In one embodiment of the invention, the cellular pressure-sensitive adhesive membrane comprises hollow microspheres, available microspheres include hollow glass and polymeric microspheres, and mixtures thereof. The use of glass microspheres is a nonpreferred embodiment as the addition of glass fillers appears to reduce the improvements in both internal strength and low temperature shock resistance of cellular pressure-sensitive adhesive membranes of the invention. Microspheres having an average diameter of 10 to 200 micrometers are commercially available and may be useful with various types of foam membranes of the invention. When used, microspheres may be blended into the foam composition in varying amounts prior to coating.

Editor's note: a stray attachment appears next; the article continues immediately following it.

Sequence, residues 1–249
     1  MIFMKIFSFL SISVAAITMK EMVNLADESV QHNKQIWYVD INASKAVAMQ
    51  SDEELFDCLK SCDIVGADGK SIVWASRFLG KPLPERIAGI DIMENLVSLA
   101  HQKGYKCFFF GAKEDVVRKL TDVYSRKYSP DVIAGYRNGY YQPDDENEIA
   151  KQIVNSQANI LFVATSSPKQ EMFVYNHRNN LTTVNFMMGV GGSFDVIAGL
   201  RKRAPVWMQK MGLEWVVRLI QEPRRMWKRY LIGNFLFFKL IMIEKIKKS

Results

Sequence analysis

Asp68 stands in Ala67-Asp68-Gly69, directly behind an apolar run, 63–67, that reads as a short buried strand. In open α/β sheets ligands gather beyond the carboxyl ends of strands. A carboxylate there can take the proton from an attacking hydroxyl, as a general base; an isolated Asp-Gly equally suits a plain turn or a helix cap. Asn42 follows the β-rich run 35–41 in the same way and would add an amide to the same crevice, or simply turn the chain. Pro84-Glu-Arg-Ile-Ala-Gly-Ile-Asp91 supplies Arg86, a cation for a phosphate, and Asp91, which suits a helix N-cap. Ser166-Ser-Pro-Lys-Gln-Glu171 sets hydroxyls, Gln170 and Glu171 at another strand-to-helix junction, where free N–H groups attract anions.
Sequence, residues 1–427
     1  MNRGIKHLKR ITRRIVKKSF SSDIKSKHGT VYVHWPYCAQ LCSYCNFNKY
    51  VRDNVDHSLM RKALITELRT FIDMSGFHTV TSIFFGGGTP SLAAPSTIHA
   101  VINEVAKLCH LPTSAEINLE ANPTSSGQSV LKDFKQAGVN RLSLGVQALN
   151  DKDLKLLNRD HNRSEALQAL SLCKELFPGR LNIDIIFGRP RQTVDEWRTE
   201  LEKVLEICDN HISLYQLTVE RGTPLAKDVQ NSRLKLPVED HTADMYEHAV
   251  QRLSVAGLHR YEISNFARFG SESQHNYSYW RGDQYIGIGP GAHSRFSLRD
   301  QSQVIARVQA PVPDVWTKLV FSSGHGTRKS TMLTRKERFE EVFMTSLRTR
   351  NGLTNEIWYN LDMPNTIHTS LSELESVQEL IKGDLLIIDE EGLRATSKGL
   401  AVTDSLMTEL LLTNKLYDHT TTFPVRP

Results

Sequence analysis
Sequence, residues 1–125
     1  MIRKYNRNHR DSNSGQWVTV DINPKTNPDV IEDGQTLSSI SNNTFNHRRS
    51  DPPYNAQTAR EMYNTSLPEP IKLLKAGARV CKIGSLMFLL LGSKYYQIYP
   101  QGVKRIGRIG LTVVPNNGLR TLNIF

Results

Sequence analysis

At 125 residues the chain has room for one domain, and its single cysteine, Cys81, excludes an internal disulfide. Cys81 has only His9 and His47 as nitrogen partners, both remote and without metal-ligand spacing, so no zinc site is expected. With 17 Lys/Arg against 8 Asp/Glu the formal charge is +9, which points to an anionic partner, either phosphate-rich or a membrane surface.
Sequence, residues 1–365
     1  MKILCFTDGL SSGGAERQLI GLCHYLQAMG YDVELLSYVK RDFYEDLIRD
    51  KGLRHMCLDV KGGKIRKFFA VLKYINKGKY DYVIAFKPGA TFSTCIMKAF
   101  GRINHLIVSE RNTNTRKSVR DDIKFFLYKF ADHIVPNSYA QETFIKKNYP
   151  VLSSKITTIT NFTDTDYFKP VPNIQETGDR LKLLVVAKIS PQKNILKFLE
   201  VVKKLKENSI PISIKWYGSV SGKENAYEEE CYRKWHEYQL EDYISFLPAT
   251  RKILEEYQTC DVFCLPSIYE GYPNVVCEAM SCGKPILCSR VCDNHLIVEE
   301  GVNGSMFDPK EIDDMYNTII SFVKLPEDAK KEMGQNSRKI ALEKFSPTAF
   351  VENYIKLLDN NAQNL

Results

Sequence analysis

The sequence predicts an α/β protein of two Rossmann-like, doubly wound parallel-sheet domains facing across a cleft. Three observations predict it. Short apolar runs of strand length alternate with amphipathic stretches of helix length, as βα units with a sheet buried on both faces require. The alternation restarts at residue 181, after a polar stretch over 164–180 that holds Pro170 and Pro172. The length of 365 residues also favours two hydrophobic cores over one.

Useful glass microspheres include those disclosed in U.S. Pat. Nos. 4,223,067 (Levens), 4,666,771, (Vesley et al.), and 4,612,242 (Vesley et al.).
Useful hollow polymeric microspheres include those described in U.S. Pat. Nos. 3,615,972, 4,075,138, and 4,287,308. The microspheres are available from Kema Nord Plastics under the trade name "Expancel". In expanded form, the microspheres have a specific density of approximately 0.02-0.36 g/cc. It is possible to include the unexpanded microspheres in the pressure sensitive adhesive composition and subsequently heat them to cause expansion, but it is preferred to mix the expanded microspheres into the adhesive. This process makes it easier to ensure that the hollow microspheres in the final membrane are substantially surrounded by at least a thin layer of adhesive.
The pressure-sensitive adhesive of the invention is preferably prepared by dissolving or dispersing the elastomer into alkyl acrylate monomer, and then adding the polar copolymerizable monomer(s), and photoinitiator. Optional crosslinking agent may also be dissolved into the syrup.